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If a piece of music does not fall within public domain and is under copyright, then it is unlawful to reproduce, perform, distribute, or create a new version of that music without a proper license. Under compulsory license laws, some of these actions may in fact be lawful, but the infringing party would then be liable for any royalty the copyright holder may charge for the use of their work.
In the United States, any musical works published before 1922, in addition to those voluntarily placed in public domain, exist in the public domain. In most other countries, music generally enters the public domain in a period of fifty to seventy-five years after the composer's death. (Public domain rights must be verified for each individual country.) It is important to note the distinction between "musical works" (sheet music and other compositions) and "sound recordings" (audio files, CDs, records), as virtually all sound recordings will not fall into public domain until 2067, unless explicitly placed into the public domain by its creators, rights holders or made by an employee or officer of the United States government acting under their official duty. (The status of copyright on sound recordings in the United States from before such copyrights were nationalized 1972 is nebulous; the copyrights were prior to that were considered a state issue, and even if no state law provided for it, some courts established an extra-legal common law copyright, the exact nature of which has been inconsistently applied over the years.)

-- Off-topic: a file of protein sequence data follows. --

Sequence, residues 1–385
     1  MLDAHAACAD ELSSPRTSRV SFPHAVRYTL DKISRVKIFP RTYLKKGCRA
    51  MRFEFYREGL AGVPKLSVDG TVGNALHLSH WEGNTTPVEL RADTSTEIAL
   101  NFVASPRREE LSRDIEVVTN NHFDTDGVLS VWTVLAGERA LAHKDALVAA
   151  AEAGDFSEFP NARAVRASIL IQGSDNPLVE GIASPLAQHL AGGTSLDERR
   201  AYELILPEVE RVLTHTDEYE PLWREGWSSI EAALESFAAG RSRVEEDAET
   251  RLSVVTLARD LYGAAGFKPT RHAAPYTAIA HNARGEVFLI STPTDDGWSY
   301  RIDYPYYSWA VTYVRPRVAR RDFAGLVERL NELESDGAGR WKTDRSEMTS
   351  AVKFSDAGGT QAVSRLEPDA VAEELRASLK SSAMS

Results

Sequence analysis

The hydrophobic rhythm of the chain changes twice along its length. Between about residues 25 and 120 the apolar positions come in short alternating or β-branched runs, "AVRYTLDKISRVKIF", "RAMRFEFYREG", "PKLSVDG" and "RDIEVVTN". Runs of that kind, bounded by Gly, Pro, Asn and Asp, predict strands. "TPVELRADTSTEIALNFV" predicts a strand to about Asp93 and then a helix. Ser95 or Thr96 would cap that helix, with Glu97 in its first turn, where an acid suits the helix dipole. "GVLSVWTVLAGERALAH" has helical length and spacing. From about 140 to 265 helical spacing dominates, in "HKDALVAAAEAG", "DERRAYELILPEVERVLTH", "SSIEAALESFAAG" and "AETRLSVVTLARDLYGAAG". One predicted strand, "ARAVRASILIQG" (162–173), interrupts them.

In the European Union and Canada, sound recordings were copyrighted for fifty years until 2013. On January 1, 2013, the Beatles' single "Love Me Do" entered the public domain. As of November 2013, European sound recordings are now protected for 70 years, which is not retroactive. In 2015, Canada changed the copyright length to 70 years.
In October 2018, president Donald Trump signed the Music Modernization Act, which will bring sound recordings into the public domain either 95 years after they were released or 120 years after they were recorded, whichever comes first. Songs recorded before 1923 will expire within a 3-year grace period, recordings from 1923 to 1956 will expire within 95 years of release, while all recordings from 1957 to 1972 will expire in 2067.
Inherently, all historical musical works (pre-1922) are public domain. Classical sheet music, for example, is widely available for free use and reproduction. Some more current works are also available for free use through public works projects such as Internet Archive. This and similar projects aim to preserve and make readily available thousands of public domain music files, many of which have been recorded by projects dedicated to recording music for public use.
Music on the Creative Commons:
The Creative Commons is a nonprofit organization created for the purpose of housing the public domain. The Commons allows copyright owners to dedicate their works to the public domain either immediately or, with the "Founders' Copyright" (originally created in the first copyright law in 1790), can obtain an exclusive license for 14 or 28 years (if renewed) of copyright protection in exchange for selling their work to the Commons for one dollar after that protection has expired. Copyright owners can fill out an online application at https://creativecommons.org/ in order to apply.
Public domain musical works and recordings can be loaded onto the Wikimedia Commons website.
For music, the involved rights are: